"Wouldn't it be vastly more useful to compare changes not in rank but in, say, mean state scores as measured in SD from the national mean? In certain regions of the curve, a significant change in rank might be a trivial change in underlying state mean as measured in SDs from the national mean. Likewise, in certain regions of the curve, an appreciable change in SD might not be reflected (or not much) in a change in rank."

Right. In the middle of the range, it's easy to hurdle a lot of states in the rankings with modest changes in absolute scores. At the left and right edges of the bell curve of states, it's harder to change rank. For example, you'd have to work pretty hard at being bad to dislodge West Virginia from last place among whites.

On the other hand, state rank is a "grabbier" statistic than standard deviations, and I wanted the meaning of the Change and Difference columns to be readily apparent from the raw ranking columns.

silly girl said...

If you just want to measure the effectiveness of the schools, you should find the mean student IQ and compare it to the mean achievement. Whoever has the most favorable comparison of IQ to achievement is doing the best they can with the hand they have been dealt.

This is how they do the scoring in bridge tournaments. Each hand is evaluated and your score is a measure of how well you do with what you are given.

Anonymous said...

I know my (Nation) State isn't adding any value. Heck, it's even deducing value from me.


JT

Anonymous said...

The reason that math scores have changed and narrowed over the past couple of decades is that the tests were changed. The old tests were aimed at abstract reasoning. Girls and blacks don't do so well. The new tests are aimed a computation. Girls do better at rote computation than abstract reasoning. See that's not so hard.

dearieme said...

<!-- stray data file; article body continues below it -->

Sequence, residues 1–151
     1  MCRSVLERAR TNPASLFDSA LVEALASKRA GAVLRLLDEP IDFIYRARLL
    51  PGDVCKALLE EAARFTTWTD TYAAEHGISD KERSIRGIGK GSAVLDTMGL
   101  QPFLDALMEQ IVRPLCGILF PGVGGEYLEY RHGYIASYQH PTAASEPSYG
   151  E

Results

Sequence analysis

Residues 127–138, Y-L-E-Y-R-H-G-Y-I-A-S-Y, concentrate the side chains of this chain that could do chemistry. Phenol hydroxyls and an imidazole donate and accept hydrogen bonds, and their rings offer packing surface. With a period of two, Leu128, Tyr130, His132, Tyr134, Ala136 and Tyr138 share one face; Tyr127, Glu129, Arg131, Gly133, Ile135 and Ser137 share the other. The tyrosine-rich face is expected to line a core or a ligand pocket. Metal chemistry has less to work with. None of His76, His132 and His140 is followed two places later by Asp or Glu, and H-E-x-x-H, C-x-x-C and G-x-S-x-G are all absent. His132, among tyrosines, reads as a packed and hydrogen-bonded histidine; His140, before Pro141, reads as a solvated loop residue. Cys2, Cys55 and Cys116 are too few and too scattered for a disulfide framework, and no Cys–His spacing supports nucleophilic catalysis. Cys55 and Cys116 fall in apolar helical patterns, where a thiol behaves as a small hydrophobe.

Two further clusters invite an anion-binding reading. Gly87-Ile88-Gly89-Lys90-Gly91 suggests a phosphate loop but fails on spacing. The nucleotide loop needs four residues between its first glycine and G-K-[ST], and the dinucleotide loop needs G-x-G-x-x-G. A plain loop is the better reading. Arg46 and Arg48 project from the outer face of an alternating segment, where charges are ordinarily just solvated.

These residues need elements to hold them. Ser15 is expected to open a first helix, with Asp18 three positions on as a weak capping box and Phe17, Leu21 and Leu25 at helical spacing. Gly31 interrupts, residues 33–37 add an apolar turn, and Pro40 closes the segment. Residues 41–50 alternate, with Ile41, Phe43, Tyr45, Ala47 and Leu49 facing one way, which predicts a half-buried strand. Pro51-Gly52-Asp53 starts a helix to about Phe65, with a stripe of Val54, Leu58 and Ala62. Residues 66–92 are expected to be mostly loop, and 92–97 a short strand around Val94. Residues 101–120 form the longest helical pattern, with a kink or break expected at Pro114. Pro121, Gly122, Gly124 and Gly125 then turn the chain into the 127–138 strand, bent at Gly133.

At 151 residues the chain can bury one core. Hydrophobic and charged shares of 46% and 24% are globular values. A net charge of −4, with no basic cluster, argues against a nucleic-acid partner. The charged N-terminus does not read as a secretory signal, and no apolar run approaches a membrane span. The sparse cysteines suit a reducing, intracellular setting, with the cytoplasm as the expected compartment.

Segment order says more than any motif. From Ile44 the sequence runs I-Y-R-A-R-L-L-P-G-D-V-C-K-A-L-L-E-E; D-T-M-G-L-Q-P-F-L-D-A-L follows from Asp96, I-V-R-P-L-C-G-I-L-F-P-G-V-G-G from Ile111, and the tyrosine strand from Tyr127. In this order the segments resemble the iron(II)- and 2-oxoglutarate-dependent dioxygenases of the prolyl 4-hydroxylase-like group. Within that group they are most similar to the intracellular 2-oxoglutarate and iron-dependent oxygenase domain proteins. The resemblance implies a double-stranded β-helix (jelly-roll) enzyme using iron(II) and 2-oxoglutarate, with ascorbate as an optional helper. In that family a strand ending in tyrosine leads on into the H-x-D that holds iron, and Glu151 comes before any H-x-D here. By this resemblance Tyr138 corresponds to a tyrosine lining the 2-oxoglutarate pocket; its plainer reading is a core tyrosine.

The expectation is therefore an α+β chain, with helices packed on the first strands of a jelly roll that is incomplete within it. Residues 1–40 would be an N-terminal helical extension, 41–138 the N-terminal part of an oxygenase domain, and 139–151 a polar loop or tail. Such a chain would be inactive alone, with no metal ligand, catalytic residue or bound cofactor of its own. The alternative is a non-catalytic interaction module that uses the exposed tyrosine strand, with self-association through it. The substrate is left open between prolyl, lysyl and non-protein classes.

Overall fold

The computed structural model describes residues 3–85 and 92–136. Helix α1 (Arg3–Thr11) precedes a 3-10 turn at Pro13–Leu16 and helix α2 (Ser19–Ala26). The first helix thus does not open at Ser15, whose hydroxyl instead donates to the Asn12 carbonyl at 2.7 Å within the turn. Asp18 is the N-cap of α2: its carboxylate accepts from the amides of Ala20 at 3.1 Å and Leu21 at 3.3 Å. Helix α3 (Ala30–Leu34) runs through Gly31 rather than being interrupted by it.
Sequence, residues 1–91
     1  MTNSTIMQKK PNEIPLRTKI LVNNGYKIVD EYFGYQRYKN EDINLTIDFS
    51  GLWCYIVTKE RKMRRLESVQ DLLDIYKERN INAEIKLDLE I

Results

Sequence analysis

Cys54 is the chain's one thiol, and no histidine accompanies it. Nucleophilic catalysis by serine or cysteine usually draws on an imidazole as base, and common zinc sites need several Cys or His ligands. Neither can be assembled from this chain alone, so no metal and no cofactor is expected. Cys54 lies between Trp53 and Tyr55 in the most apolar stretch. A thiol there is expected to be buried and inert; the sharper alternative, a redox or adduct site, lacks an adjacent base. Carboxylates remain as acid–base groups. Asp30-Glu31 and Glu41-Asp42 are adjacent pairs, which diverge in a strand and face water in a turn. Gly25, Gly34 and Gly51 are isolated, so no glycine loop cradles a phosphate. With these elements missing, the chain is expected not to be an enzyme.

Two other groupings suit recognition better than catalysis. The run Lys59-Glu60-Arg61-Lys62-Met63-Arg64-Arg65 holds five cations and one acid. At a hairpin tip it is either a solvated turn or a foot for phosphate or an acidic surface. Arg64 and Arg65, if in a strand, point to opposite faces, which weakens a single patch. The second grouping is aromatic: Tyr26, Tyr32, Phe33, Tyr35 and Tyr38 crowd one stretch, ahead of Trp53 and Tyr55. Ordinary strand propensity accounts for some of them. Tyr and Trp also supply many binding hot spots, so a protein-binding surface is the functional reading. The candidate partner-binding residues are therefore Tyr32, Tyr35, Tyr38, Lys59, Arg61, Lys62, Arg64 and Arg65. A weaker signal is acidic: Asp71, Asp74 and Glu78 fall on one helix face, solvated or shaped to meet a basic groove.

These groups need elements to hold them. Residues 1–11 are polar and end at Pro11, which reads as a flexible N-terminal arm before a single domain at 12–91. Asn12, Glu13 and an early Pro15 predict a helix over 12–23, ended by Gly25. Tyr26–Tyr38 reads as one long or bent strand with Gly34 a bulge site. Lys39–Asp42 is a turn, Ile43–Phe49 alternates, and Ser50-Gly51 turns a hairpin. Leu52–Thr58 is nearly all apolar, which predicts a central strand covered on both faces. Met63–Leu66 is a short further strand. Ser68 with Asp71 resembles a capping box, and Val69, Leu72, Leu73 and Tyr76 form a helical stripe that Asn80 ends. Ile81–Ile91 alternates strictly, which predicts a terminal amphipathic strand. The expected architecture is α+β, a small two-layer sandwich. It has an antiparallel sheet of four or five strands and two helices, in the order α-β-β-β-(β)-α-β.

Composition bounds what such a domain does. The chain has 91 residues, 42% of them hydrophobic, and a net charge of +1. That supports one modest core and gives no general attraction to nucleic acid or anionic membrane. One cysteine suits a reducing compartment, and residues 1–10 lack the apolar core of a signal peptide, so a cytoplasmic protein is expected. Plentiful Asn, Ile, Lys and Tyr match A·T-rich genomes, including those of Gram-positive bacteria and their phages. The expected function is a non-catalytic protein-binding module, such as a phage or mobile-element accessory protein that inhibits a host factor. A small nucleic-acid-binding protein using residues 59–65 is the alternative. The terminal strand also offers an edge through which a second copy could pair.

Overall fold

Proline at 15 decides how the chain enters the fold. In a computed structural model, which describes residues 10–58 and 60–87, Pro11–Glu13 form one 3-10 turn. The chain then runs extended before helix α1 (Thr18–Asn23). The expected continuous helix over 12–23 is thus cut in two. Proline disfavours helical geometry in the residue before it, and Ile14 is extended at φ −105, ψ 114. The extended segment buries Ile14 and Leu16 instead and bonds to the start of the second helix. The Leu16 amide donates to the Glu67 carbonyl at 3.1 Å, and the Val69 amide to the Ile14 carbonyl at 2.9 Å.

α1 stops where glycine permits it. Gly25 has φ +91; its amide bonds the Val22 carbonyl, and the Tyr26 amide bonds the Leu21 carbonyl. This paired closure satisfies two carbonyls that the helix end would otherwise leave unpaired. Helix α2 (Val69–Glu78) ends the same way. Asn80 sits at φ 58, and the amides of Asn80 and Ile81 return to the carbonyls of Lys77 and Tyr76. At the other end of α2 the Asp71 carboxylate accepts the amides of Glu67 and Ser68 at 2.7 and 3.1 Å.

" Girls do better at rote computation than abstract reasoning." Thank you, Mr Summers.

Anonymous said...

The reason that math scores have changed and narrowed over the past couple of decades is that the tests were changed. The old tests were aimed at abstract reasoning. Girls and blacks don't do so well. The new tests are aimed a computation. Girls do better at rote computation than abstract reasoning. See that's not so hard.

TZZZSSSSSSS...

That's the sound of the air being let out of the tires on this bus.

pzed said...

au contraire, mon frère?

Ronduck said...

I'm assuming that these statistics are for public schools only. Could different states have different levels of private school enrollment due to the presence of coloreds?

If the smarter Whites in a state check out of the public school system, wouldn't that drag down a state's ranking?

Since these scores are for non-Hispanic Whites, shouldn't we post the nHW IQ score for each state next to the value added scores to see what kind of mental material the schools are working with when they "add value"?

Anonymous said...

"The reason that math scores have changed and narrowed over the past couple of decades is that the tests were changed. The old tests were aimed at abstract reasoning. Girls and blacks don't do so well. The new tests are aimed a computation. Girls do better at rote computation than abstract reasoning. See that's not so hard."